Victim/survivor advocates play a critical and unique role in the response to sexual assaults. They are professionals who are trained to support and assist sexual assault survivors in overcoming the barriers associated with the crimes they have encountered.
Advocates are uniquely positioned to accompany victims through the health care, social service, and criminal justice systems in ways that are culturally and linguistically appropriate. Advocates support victims through this process by listening, believing, empowering, serving as a buffer, interrupting victim-blaming, and honoring the choices that victims make.
• listen and empathize with the victim’s feelings;
• reduce the isolation of the experience;
• inform, explain and support;
• ensure that the victim’s needs are met to the fullest extent possible;
• explain the roles of the members of the SART;
• empower the victim with accurate knowledge about the criminal justice system;
• prepare the victim for what they might expect; and
• provide referrals for immediate and ongoing services.
Types of Advocates
There are several types of victim advocates, each playing a different role in maintaining a certain level of responsibility regarding sexual assault victims. However, the two main types of advocates are community-based and system-based. A community may have neither, one, or all advocate types represented.
Community-based advocates are individuals who work directly with the victims of sexual assault, providing supportive services to help them maneuver through the healing process and the criminal justice system. These advocates usually work for a non-profit organization within the community and their primary purpose is to have an exclusive focus on the interest of the victim. The most common example of an organization where a community-based advocate is employed is a sexual assault center, but other organizations include local hospitals or other social service agencies. The professional role of the community-based advocate is to provide victims with the emotional support and proactive assistance they need, regardless of whether they choose to report the crime and participate in the criminal justice process. This allows the advocate to develop an important relationship with a victim and assist them in healing from the impact of the assault. Other direct services that community-based advocates may provide to victims of sexual assault include FME accompaniment, crisis intervention services, information and referral resources, safety planning, assistance in problem solving, counseling and case management, emergency shelter and financial assistance.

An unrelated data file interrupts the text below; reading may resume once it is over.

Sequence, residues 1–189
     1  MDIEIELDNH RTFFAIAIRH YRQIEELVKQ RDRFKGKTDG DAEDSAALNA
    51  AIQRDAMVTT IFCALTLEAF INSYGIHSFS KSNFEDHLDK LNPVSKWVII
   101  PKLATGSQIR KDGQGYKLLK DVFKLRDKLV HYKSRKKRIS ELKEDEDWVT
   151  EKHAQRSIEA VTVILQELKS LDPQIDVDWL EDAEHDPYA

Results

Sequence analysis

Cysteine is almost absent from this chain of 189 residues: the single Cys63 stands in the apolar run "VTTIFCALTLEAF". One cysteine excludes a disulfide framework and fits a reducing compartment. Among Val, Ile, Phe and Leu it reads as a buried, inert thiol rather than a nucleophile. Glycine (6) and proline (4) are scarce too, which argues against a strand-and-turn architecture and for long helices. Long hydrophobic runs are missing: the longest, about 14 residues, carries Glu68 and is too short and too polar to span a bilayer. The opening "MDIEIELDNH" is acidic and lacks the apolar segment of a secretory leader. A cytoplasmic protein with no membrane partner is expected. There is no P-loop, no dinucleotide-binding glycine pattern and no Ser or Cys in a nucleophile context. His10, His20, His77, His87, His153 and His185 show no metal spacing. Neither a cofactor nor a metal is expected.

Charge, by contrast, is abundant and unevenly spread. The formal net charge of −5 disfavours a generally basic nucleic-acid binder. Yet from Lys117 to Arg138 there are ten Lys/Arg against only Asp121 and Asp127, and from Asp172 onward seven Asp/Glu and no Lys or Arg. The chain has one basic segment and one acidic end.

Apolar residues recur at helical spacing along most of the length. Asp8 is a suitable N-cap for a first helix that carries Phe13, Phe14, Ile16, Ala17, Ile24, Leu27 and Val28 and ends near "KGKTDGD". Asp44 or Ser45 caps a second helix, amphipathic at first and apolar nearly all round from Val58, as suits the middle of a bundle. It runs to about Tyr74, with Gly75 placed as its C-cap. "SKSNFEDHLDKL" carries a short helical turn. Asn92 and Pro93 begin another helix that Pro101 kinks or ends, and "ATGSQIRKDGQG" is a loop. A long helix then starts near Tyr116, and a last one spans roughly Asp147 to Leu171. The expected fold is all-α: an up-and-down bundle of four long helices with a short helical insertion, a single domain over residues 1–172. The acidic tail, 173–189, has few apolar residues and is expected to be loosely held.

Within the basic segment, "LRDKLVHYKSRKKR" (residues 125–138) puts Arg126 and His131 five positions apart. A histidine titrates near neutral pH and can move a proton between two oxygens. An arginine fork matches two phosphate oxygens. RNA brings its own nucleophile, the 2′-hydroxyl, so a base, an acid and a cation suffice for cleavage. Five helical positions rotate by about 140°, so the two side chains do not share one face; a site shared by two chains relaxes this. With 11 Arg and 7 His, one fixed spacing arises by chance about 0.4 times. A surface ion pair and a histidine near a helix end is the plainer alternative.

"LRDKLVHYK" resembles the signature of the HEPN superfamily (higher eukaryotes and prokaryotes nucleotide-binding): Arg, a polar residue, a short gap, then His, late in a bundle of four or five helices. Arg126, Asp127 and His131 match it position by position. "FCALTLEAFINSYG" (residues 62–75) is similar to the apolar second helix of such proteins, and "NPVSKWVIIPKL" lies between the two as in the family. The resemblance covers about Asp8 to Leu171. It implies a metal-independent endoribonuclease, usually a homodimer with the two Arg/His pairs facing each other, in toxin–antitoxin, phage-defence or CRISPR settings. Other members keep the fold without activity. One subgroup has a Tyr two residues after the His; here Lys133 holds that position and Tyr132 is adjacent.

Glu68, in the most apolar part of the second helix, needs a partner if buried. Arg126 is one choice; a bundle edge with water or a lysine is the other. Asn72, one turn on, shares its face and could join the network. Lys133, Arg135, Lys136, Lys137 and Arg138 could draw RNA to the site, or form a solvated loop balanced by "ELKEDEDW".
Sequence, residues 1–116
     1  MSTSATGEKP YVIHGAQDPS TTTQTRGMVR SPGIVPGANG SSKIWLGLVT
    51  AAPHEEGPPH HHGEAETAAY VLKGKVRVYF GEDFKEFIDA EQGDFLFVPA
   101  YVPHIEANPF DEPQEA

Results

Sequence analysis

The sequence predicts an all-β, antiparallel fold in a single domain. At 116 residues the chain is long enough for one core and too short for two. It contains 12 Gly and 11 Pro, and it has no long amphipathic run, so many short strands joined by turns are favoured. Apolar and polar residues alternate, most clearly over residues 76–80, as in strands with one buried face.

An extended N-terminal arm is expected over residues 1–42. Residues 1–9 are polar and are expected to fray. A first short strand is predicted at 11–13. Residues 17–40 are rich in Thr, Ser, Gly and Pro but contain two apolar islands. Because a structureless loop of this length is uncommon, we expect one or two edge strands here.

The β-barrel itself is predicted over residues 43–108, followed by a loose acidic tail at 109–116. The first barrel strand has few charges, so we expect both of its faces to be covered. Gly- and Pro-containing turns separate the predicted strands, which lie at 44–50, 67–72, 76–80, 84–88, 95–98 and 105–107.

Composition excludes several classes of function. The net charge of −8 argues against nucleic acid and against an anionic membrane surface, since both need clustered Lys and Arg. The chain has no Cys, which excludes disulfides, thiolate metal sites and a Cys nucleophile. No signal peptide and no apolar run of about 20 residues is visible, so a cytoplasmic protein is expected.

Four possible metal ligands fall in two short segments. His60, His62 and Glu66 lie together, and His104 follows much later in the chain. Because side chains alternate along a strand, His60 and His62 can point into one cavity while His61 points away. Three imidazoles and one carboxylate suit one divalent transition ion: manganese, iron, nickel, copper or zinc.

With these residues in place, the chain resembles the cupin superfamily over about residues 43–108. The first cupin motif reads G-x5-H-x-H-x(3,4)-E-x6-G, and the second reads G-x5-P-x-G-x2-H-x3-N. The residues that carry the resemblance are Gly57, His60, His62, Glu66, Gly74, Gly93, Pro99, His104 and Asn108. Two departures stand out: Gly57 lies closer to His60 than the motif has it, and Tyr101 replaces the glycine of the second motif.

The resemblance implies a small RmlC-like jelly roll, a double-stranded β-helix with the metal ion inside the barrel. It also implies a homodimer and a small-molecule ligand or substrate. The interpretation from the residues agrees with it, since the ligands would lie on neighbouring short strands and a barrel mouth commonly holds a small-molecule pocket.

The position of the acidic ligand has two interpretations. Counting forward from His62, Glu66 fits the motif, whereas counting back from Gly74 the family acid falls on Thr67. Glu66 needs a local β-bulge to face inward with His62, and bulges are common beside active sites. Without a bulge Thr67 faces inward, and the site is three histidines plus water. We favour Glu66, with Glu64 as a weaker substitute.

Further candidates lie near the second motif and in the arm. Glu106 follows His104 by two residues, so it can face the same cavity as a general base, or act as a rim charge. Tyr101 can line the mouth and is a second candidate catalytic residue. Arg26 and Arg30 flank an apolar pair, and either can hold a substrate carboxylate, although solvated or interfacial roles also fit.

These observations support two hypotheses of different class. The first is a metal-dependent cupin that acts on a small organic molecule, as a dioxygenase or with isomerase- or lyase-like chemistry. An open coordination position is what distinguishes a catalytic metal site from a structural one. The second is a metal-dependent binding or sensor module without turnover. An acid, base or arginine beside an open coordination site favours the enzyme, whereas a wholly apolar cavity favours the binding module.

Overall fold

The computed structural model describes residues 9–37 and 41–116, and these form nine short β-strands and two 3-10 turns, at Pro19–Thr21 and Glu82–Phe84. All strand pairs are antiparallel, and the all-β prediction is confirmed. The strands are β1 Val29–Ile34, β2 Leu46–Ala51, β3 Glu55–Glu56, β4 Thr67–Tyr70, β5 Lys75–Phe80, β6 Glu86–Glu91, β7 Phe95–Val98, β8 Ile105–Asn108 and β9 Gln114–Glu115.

Culturally-specific advocates are essentially a smaller subset of advocates within the community-based advocate classification. These advocates work for an organization that provides services and assistance to specific populations of victims such as ethnic groups, faith groups, individuals with disabilities, immigrants and refugees, or those who are members of the LGBT+ community.
System-based advocates address the systematic issues that impact victims. They are usually employed by a public agency such as a law enforcement agency or office of the prosecuting attorney. Their roles and responsibilities vary, as do the specific terms they may use to describe themselves. The primary focus of these advocates is typically to serve as the primary contact for victims for their employing agency and to facilitate the victim’s participation in the criminal justice system.
Victim-witness advocates are typically based in a district attorney’s office. They provide support and communication to victims whose cases are being prosecuted. These advocates operate on the principle that crime victims deserve support and assistance while navigating the criminal justice system. Some advocates provide court notification services to victims and court accompaniment as well as an array of additional services and assistance as pertains to the criminal justice system. These are also referred to as Victim Witness Assistance Program (VWAP) Advocates.